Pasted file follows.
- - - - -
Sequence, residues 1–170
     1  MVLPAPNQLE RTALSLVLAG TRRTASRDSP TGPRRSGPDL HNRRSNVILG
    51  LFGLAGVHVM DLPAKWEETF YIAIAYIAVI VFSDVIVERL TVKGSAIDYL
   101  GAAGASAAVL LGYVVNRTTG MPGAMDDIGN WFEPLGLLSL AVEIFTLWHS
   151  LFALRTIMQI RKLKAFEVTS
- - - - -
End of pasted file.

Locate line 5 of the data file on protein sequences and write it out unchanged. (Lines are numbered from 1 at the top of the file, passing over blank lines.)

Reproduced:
   151  LFALRTIMQI RKLKAFEVTS